Dried salt cod is a staple, known as fiel amigo (loyal friend)
Cabrito assado
Kid goat, slow-roasted and served with potatoes
Caldeirada de peixe
Fish stew similar to a French bouillabaisse
Cataplana
A Moorish dish which was first introduced to Portugal in the 8th century. Ingredients vary but it always includes some white fish, potatoes, seafood, peppers and a hint of chilli
Dobrada
Tripe stew, typically served with butter beans and chorizo
Imperial
Regular glass size for beer
Morcela
Black pudding, made with beef blood, pork fat, garlic and spices, including cloves and cumin
Pastéis de nata
Slightly burnt egg custard in a puff pastry shell. The best ones can be found at Pastéis de Belém
Piri piri sauce
A chilli sauce synonymous with chargrilled chicken
Queijadas de Sintra
Sweet cheese-based cinnamon pastry produced in the town of Sintra, a 20-minute drive from Lisbon
Sardinhas
Don’t leave Libson before you’ve eaten the freshly grilled sardines with boiled potatoes, peppers and tomato
Vinho verde
Effervescent young wine from the Douro Valley region

Food and Travel Review

Lisbon is a capital experiencing ‘the change’. In an age of city uniformity, with facsimiles of hipster trends springing up all over the globe, it’s refreshing to find a place that stays true to its roots while still bending a knee to the crusade of modernity.

It’s a city on the lips of every gastronome and hit list of every Europhile. It’s exciting, challenging and racking up the Michelin stars. It’s bright and bold. Like Barcelona was a decade ago. So grab your bottle of piri piri sauce and strap yourself in. Lisbon is on the move but in no rush to get anywhere.

Truth be told, it’s moving molasses-grade slow. For all the famous pan-slingers putting Lisbon’s modern food scene on the map – and there are some big names, indeed – the roots of tradition run deep. As I arrive in one of the city’s squares, amid the pulsating throng of both locals and tourists, I can immediately see why this heritage is so hard to weed out. Everyone is busy performing one of the city’s most traditional pastimes: lunch.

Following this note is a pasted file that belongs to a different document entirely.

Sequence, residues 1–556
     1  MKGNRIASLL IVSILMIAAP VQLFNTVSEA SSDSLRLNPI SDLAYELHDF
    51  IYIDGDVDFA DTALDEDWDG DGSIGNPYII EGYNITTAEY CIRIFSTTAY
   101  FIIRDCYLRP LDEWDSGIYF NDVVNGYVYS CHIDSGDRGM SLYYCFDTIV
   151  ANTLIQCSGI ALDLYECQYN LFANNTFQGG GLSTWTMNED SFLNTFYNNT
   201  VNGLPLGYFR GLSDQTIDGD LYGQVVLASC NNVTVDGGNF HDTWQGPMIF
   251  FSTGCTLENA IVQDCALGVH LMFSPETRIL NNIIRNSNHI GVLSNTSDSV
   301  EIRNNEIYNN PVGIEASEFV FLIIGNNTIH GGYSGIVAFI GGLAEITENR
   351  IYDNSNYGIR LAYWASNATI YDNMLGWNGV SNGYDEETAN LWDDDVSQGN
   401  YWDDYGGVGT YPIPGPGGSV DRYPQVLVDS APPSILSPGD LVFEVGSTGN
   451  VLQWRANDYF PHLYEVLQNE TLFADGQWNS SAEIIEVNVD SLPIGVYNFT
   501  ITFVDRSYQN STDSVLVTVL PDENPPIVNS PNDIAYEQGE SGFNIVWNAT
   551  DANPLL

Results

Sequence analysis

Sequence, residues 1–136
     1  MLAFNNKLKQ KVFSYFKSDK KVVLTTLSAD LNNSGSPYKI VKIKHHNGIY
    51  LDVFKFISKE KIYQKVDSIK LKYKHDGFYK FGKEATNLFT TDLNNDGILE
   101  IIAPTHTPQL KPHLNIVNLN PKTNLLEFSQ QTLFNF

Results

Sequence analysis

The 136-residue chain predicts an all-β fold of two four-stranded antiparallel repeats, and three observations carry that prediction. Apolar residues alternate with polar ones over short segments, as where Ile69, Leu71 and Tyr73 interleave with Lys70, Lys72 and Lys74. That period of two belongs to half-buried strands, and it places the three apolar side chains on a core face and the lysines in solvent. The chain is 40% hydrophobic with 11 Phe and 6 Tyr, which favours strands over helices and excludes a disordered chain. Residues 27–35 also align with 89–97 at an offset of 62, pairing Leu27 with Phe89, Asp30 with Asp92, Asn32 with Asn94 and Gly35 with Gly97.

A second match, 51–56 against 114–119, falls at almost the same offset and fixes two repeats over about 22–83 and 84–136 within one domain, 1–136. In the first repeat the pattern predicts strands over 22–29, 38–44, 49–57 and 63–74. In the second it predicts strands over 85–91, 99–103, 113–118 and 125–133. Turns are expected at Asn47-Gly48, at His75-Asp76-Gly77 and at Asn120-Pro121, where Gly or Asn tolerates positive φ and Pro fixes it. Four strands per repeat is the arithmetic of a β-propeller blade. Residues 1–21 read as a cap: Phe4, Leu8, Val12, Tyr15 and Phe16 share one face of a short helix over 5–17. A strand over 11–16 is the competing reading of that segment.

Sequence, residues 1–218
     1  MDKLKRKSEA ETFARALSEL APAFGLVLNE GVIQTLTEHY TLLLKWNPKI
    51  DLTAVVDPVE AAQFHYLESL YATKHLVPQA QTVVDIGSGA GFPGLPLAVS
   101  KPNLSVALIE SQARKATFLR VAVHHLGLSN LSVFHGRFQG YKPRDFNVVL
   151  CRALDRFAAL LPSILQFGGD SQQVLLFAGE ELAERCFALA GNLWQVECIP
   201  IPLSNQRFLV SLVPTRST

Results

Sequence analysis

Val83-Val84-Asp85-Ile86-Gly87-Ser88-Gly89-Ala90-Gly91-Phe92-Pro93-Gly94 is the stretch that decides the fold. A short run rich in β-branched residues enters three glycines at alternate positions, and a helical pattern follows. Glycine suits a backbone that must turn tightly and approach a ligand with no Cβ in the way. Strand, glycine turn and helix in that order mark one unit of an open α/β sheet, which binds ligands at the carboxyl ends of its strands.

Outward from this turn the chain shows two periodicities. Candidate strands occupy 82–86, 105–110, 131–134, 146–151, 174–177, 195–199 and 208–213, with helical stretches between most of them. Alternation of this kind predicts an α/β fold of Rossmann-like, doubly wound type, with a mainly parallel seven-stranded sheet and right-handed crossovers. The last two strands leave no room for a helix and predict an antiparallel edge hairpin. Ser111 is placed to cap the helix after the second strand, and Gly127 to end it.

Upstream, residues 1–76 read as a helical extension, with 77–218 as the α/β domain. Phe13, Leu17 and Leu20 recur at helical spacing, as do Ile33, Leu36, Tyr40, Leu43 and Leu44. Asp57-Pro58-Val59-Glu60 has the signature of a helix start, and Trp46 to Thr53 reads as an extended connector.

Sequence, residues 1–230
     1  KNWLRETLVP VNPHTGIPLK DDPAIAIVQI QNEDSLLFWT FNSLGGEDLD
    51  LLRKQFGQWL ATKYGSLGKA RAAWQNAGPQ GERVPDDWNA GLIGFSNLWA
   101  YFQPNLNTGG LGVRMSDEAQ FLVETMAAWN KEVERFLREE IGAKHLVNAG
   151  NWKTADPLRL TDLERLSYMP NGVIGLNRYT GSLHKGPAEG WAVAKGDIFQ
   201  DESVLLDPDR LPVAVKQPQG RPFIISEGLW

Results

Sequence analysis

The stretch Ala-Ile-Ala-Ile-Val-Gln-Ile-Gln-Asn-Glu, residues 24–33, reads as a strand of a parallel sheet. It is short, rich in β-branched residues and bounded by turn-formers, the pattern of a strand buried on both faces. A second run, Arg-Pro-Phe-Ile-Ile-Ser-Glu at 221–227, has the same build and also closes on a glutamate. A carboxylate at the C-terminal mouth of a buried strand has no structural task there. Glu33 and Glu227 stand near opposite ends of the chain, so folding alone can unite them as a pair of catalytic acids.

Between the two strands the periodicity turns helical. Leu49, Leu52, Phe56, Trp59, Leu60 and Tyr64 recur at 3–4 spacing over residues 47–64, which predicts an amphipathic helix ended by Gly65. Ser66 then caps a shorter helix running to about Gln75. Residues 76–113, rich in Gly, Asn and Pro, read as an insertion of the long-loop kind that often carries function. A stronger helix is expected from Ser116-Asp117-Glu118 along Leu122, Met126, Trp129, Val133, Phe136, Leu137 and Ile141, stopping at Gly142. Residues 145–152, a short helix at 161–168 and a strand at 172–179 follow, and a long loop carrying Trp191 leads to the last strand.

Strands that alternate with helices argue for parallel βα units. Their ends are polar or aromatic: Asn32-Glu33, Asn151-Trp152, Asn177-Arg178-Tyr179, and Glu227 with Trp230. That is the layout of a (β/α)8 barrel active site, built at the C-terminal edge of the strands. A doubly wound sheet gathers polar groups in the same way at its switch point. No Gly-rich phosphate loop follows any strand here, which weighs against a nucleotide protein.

Petiscos (in Portugal S is pronounced ‘sh’ – now get your mouth around that word) is Lisbon’s answer to light, tapas-style bites. Most of it is deep-fried and siesta-inducing heavy. Lisbonites and out-of-towners lean over the glass counters of tiny shops, picking one breaded snack or another. Everyone shares bolinhos de bacalhau (salt cod croquettes), it’s a dish that defines a restaurant and everyone has their favourite.

‘We use all of the cod,’ says Luís Godinho, who runs Manteigaria Silva, one of the oldest shops in the downtown area Baixa. ‘It’s now salted elsewhere but we used to do it right here.’ The shop has been in his family for more than 100 years and remains one of the city’s favourites. If Don Corleone traded fish, this would be his HQ.

Some of the best food is born out of poverty, a necessity for frugality that demands creativity – Spanish paella, Italian arancini and soup are all peasant dishes – and preservation: pickles, anything Scandinavian. Lisbon has dried salt cod. Designed to last through winter, it’s lasted centuries. At Luís’s deli, they vacuum-pack it for you, which is quite useful if you plan on taking any home – the smell can certainly take some getting used to.

A glance at most menus and family dinner tables will leave you thinking it’s the only thing they eat. ‘Bacalhau has a recipe for every day of the year,’ the deli workers tell me. Attempting to swerve this fish here is like going to Burgundy and trying to avoid butter.

Lisbon’s cobbled streets take you through a pastel smorgasbord of buildings, replete with colourful doors and those unmistakable azulejo tiles. At full tilt, the unforgiving Portuguese sun reflects off pavements and buildings to almost bleach out the city, and this is especially true on hazy days. It is best observed when either the lark rises or during the golden hours before sunset. The subtler light reveals a riot of colour, enhancing the terracotta rooftops and picking out the yellow walls and blue walls.

This is my observation the next morning over my brunch of coffee and samosa – the latter an acquisition from Portuguese Goa. I’m lining my stomach. Equally, Lisbon is for knocking back a few glasses of ginjinha, the local cherry liqueur, and I plan to go native. Punctuating many of the squares and streets are tasquinhas, humble holes in the wall in which you’ll find dapper older men slurping on their ginjinhas. Sour, highly fermented and unpalatable to some, the men are nonetheless apt to greet you warmly if you drink with them. ‘Eat the cherry,’ one barks at me. The liqueur is delicious.